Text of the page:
What if My Loan is Denied?

The lender is required to explain the denial decision in writing. Common reasons for loan denial include the following:

  • Insufficient funds. If you don’t have enough money to cover the down payment and closing costs, you might still be able to qualify if you can get a gift from family or friends or use a local down payment assistance program. Find out more about down payment assistance.

  • Insufficient income. If there are extenuating circumstances that the lender didn’t consider, such as a yearly bonus or expected raise, discuss it with the lender to see if that would make a difference in gaining approval. If not, you may need to look for housing more affordable to your income.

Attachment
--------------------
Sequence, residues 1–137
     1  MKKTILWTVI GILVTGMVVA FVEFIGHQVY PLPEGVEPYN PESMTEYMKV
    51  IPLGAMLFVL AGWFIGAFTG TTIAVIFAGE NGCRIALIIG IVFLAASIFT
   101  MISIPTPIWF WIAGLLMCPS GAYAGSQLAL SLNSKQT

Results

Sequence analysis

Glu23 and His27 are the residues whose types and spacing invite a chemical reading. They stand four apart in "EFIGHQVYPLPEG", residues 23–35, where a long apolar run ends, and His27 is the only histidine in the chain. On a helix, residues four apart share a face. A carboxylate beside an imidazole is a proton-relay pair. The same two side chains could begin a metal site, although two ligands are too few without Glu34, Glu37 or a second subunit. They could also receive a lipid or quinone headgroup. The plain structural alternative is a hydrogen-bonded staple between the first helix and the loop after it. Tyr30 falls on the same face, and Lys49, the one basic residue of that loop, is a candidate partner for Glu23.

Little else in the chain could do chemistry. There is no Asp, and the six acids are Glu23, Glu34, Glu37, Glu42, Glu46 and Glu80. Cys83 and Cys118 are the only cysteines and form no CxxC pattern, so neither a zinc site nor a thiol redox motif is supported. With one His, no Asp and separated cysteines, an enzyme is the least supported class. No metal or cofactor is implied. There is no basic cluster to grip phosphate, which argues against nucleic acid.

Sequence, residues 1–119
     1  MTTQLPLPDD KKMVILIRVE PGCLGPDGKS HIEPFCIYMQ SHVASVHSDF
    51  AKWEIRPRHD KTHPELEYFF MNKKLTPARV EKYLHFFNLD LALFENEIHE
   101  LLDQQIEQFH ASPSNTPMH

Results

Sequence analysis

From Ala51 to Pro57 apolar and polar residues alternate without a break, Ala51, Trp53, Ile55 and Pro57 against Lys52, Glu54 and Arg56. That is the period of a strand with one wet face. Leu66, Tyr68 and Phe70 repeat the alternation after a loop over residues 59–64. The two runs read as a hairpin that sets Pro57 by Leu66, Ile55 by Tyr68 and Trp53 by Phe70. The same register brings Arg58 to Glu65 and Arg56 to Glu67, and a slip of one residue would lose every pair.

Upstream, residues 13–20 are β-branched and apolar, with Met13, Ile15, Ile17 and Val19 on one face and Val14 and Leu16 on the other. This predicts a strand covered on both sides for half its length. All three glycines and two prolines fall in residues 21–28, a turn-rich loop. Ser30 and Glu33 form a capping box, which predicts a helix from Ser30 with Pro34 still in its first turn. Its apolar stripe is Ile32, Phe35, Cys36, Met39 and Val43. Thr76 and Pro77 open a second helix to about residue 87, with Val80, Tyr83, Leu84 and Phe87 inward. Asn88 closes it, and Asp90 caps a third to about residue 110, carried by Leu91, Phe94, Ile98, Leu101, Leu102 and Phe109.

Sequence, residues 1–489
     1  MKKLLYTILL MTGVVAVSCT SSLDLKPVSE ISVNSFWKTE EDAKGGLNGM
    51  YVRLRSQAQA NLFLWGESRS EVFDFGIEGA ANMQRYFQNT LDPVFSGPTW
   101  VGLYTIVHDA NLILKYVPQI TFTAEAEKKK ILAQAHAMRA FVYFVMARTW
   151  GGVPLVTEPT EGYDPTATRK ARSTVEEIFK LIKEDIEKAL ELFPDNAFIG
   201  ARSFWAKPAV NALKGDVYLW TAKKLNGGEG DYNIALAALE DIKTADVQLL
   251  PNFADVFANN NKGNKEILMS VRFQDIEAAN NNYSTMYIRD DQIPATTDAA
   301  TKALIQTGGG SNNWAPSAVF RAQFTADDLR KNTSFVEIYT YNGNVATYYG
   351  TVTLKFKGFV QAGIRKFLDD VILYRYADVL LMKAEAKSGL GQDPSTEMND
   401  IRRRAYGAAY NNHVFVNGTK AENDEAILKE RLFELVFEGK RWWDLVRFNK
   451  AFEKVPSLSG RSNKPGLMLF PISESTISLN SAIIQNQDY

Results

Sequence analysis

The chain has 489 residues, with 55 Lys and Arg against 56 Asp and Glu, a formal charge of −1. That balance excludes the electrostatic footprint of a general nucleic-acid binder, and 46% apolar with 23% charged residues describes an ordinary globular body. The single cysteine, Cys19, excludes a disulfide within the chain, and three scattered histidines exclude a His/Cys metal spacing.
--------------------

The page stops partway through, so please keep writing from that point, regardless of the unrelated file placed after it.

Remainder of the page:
• Too much debt. Lenders approve loans based on a debt-to-income ratio. If your debt is keeping you from qualifying but you have an excellent credit history, you may be able to convince the lender to reconsider. Otherwise, you will need to pay off some of your debt or shop for a less expensive house.

  • Poor credit report. If you are denied credit, you are entitled to a free credit report from one of the three credit bureaus. Review it carefully and be sure to dispute any inaccuracies with the credit bureaus. Ideally, you should do this before applying for your loan. If your credit is poor, it is important to begin paying your debts off as soon as possible to build a stronger credit history. A housing counselor can help you develop a plan.

  • Low appraisal. If the appraisal comes back lower than expected, you have a few options. You can put down a larger down payment so that the loan is only for the appraised value of the property. Or, you can renegotiate with the seller (if permitted by your sales contract) for a lower purchase price.